Dr Debra Young, Associate Dean of the Sally McDonnell Barksdale Honors College, visited the CISS to discuss scholarship opportunities. The opportunities under consideration included the Truman, Goldwater, Udall, Fulbrite, Gates, awards, among others. The discussion revolved around how to produce a memoral personal statement.
The 2009 cohort orientation for the CISS involved having students "work through a fictional case as a way to become familiar with the analytic process of gathering intelligence information. The case involved the kidnapping of Afghanistan President Hamid Karzai’s daughter from the U.S. city where she was enrolled in college. (In actuality, Karzai does not have a daughter who is college age or studying in the United States.)" Read the full news story.
Paul Rowlett visited the center to demonstrate i2 Analyst's Notebook, one of the premier software packages used for intelligence and law-enforcement work.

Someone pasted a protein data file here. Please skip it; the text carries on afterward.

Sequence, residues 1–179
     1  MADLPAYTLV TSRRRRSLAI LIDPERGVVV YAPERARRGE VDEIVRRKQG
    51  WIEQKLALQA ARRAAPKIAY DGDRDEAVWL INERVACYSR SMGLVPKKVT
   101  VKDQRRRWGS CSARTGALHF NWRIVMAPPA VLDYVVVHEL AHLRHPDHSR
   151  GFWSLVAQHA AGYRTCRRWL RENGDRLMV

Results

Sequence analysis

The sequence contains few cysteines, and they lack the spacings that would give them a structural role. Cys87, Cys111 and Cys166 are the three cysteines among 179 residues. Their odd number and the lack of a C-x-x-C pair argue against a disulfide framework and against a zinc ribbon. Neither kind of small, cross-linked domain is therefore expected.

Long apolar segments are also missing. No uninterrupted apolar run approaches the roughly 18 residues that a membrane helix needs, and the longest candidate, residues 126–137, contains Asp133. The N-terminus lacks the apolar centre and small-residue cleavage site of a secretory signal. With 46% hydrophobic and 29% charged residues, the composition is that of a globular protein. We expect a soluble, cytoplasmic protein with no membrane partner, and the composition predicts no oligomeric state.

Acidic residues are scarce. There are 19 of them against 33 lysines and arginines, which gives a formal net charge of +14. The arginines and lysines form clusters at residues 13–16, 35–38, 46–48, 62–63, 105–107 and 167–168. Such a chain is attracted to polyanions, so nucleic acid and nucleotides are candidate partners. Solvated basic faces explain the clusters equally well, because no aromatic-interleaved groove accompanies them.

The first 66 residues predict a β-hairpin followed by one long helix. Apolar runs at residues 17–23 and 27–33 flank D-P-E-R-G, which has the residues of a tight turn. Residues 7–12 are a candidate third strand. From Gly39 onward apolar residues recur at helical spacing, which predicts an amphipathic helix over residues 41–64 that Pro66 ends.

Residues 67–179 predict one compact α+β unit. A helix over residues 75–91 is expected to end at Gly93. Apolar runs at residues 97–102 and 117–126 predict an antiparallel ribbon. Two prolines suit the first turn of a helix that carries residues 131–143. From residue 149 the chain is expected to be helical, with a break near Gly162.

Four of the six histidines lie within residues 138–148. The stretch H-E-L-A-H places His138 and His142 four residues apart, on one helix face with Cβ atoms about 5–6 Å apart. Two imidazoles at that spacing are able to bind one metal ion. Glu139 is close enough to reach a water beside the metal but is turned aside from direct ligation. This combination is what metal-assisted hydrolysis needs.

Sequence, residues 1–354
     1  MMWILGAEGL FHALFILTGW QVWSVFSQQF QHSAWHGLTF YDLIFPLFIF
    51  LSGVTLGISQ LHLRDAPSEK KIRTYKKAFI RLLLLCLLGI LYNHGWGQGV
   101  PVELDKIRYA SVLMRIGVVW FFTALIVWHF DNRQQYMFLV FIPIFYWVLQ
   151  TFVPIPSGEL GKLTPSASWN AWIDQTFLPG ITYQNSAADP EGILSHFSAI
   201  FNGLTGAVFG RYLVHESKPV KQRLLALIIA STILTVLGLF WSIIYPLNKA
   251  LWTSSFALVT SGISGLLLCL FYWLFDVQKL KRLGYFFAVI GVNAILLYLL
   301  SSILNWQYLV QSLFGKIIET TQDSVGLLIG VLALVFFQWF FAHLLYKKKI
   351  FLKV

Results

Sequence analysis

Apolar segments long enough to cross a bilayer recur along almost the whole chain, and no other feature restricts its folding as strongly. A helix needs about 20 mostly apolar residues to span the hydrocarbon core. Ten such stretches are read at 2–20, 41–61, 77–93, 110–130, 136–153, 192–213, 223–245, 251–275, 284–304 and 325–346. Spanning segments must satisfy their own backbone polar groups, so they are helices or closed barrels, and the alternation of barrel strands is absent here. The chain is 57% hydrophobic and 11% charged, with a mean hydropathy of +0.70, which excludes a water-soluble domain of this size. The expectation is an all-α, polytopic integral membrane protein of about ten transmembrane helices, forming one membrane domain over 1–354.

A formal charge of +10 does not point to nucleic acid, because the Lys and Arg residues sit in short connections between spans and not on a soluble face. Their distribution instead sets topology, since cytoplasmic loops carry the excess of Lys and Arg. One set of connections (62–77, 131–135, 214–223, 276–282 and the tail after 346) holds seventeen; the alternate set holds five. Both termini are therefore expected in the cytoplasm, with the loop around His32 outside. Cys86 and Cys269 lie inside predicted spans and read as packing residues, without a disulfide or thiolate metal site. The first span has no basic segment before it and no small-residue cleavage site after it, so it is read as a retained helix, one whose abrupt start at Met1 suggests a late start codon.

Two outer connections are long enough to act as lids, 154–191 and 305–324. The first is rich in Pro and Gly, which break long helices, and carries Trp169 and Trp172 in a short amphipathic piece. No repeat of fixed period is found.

CISS staff attended the International Association For Intelligence Educators in Maryland.
Senator Roger Wicker visited the Center on Monday, April 13 for the ribbon-cutting ceremony at the CISS's new building.
Mike Hale of the Defense Intelligence Agency (DIA) will be at the Center to talk about internship opportunities with DIA. 5:00 pm Monday, April 13, 2009.
Rusty Fleming, creator of the new documentary "Drug Wars: Silver or Lead", discusses his 3-year study of Mexican drug cartels and the violence exploding throughout Mexico. Read more.
We will have an FBI agent from the Jackson, Mississippi office to speak about working for the FBI tomorrow at the Center, 1:30 pm. We'll meet in the student lounge.
Lori Malone of the CIA presented to the CISS and Croft Institute about careers in the National Clandestine Service.